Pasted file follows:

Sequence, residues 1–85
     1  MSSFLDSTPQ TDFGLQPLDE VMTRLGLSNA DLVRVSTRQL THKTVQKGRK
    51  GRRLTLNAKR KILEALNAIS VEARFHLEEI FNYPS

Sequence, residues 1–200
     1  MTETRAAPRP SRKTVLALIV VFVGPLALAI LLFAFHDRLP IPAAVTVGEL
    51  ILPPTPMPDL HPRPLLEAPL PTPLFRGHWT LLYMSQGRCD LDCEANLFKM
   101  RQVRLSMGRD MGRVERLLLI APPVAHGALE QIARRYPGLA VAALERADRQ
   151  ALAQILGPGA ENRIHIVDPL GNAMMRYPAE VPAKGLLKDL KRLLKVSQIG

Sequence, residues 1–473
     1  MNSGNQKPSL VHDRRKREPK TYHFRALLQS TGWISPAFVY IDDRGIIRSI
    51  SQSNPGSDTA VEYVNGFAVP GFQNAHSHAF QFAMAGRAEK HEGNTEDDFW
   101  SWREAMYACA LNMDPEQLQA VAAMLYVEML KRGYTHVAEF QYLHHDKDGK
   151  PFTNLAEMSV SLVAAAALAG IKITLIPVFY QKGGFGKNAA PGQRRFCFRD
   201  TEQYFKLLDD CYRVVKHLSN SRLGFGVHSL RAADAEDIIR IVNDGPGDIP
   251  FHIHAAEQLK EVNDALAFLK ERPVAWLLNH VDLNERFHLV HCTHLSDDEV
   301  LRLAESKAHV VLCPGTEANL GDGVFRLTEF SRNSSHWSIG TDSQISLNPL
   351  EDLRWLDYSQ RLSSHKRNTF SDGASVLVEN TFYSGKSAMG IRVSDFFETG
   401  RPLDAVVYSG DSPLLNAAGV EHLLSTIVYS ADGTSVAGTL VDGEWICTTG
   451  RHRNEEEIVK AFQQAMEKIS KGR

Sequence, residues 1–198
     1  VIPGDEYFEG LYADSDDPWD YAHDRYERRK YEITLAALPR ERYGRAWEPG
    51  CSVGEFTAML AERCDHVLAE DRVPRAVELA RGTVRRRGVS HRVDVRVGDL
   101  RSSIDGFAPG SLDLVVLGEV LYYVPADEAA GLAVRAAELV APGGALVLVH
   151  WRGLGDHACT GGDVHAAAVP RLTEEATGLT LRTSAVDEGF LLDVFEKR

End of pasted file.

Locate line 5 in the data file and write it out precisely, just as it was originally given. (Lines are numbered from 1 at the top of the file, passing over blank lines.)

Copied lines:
     1  MTETRAAPRP SRKTVLALIV VFVGPLALAI LLFAFHDRLP IPAAVTVGEL